20141120 Recall

For those of us in the South, summertime is just around the corner (or let’s face it…the humidity that hits you in the face when you walk outside pretty much says it is already here), and what says summer more than sweet, scrumptious Louisiana strawberries, strawberry cheesecake snowballs (with condensed milk, of course), and, the All American, favorite summer dessert of all summer desserts - ice cream.  But if ice cream is on your shopping list, make sure you are aware of a recent and expanding recall by Blue Bell Creameries.  This recall comes after 8 cases, which include 3 deaths, of Listeria monocytogenes that have contaminated ice cream and several other Blue Bell products.  To help you and your family avoid this issue until Blue Bell can get this all sorted out, here are some facts about this situation and the disease behind it.

What is Listeriosis?

Listeria monocytogenes is a bacteria that can cause contamination of food and can lead to rare, but serious, medical problems in certain people.  The symptoms of listeriosis include fever, headache, malaise, and gastrointestinal symptoms such as diarrhea after ingesting a contaminated food product.  The most common foods associated with listeriosis include unpasteurized milk and soft cheese, deli meats, hot dogs, and unwashed vegetables.  If you have ingested a food contaminated with Listeria, the window for becoming ill is variable and ranges from 1 day up to 3 weeks.

Who is at greatest risk for Listeriosis?

The highest risk populations are those with low or non-functioning immune systems, those over 65 years of age, and pregnant women.  There is a substantial risk that a pregnant woman who becomes infected with Listeria can pass this infection to her unborn child.  In some cases, this can lead to miscarriage, stillbirth or serious medical illness in the newborn period.  This is a major reason why, if you’ve been pregnant before, your obstetrician has almost surely recommended that you avoid soft cheese and deli meat until your little miracle is born.

How many people have been affected by Listeria due to the Blue Bell ice cream?

At this time the CDC confirms 8 cases of Listeriosis since 2011 that have been linked to the Blue Bell products.  Five of these cases were confirmed in a single Kansas hospital from January 2014 through January 2015, and 3 of these patients have died.  The remaining 3 cases were confirmed in patients from a hospital in Texas between 2011-2014.  There are ongoing investigations into several other cases of Listeria to see if these cases may also be related to the Blue Bell ice cream outbreak.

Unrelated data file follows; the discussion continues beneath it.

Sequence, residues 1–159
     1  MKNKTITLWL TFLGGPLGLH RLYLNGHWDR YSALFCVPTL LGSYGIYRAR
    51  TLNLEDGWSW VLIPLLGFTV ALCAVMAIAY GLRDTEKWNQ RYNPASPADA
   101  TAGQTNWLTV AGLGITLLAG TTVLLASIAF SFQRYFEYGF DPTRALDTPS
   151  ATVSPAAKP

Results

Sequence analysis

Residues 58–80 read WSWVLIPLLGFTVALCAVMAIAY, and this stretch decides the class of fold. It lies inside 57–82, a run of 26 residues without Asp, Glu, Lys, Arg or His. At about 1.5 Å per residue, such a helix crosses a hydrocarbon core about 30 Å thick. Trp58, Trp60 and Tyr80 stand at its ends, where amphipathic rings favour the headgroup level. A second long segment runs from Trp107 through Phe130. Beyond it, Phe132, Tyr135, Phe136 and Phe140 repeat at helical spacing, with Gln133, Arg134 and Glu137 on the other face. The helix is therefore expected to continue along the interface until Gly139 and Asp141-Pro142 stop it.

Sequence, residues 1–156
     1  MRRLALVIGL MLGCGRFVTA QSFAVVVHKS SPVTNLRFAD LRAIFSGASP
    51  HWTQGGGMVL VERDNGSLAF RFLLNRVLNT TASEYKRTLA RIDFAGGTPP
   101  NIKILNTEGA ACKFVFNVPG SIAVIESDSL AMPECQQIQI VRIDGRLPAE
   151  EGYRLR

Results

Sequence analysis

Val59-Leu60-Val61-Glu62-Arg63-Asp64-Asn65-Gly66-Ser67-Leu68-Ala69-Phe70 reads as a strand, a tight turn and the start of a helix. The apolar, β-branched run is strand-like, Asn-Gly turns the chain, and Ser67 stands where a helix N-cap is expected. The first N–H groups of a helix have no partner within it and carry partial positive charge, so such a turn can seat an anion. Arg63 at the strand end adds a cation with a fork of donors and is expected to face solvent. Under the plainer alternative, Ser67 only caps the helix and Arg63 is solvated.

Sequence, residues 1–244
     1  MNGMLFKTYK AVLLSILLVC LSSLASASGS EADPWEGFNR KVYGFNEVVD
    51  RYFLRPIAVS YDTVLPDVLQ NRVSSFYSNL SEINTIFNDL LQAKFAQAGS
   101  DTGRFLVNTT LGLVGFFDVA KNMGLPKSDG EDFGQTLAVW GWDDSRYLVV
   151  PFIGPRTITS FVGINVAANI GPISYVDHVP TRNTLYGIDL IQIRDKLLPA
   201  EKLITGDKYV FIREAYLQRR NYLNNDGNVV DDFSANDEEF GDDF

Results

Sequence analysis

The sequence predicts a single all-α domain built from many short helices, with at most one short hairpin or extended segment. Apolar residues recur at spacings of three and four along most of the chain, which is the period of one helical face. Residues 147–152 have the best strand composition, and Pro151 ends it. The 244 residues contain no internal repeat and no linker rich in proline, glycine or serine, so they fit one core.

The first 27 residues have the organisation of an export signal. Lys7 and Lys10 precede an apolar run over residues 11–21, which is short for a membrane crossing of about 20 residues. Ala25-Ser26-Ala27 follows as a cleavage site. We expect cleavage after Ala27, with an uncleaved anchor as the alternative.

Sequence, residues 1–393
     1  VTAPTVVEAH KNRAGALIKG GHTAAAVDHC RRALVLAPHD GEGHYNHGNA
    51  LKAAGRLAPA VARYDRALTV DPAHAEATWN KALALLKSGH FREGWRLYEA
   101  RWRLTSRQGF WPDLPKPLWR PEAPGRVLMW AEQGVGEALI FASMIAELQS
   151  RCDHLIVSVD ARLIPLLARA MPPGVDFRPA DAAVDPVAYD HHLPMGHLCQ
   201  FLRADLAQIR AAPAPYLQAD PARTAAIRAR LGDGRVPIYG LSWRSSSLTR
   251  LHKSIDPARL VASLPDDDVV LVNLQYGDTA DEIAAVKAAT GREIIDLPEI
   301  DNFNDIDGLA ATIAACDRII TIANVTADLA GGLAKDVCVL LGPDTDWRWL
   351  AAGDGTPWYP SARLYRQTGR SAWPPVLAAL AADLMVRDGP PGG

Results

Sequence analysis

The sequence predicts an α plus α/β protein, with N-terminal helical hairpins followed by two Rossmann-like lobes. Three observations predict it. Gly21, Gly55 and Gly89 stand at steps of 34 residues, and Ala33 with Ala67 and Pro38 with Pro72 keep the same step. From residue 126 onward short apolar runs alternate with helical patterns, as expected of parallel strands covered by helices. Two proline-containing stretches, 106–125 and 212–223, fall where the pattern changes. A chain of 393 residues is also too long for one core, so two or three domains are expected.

What products are involved?

When the first recall was issued on March 13, 2015, the products involved included 10 frozen snack items including single serving ice cream bars such as Great Divide Bars, SCOOPS single serve ice cream, and Chocolate Chip Country Cookie sandwiches (click here to see images of these products).  These products had been manufactured on a single product line at the Brenham, Texas production plant.  The next recall came on March 23, 2015 and included 3 oz single serve cups of chocolate, vanilla and strawberry flavored ice cream that were produced at the Broken Arrow, Oklahoma plant in April 2014 (click here to see these products).  And most recently, on April 7, 2015, the recall grew substantially when certain pints and half gallons of ice cream as well as quarts and pints of sherbet (click here to see these products) that were also produced at the Oklahoma plant were recalled after a pint of banana pudding ice cream tested positive for Listeria.

How do you know if you have one of these products?

It is important to note that not all Blue Bell products are involved at this time.  You will need to look at the container of ice cream or sherbet or the box of ice cream pops to find the specific UPC or product codes. Any code dates, which can be found on the bottom of the ice cream or sherbet package, that end in the letters “O,” “P.” “Q,” “R,” “S,” or “T” indicates that the product was produced at the Oklahoma plant and should therefore, be thrown away.  Here is an example of what you are looking for:



To see a full list of the products involved in this recall with the specific UPC and code dates, then click here.


By their own word (at the Blue Bell website), this is the company’s first recall ever, in over 108 years in business:

“For the first time in 108 years, Blue Bell announces a product recall.”

If you’d like more information, take a look at BlueBell.com’s own recall page by clicking here, which has even more specifics about the potentially contaminated products and what exactly the Blue Bell company is doing to address the issue.

As always though, if you are concerned that someone who has eaten a recalled Blue Bell product begins showing signs of listeriosis, call your healthcare professional immediately to discuss what steps you may need to take.


Update April 21, 2015:  As of April 20, 2015, Blue Bell Creameries issued a recall for ALL of its products including ice cream, frozen yogurt, sherbet, and frozen snacks given that additional samples of ice cream have tested positive for Listeria.  This recall effects all Blue Bell products that have been distributed across 23 states.  Click here to see that latest notice of recall.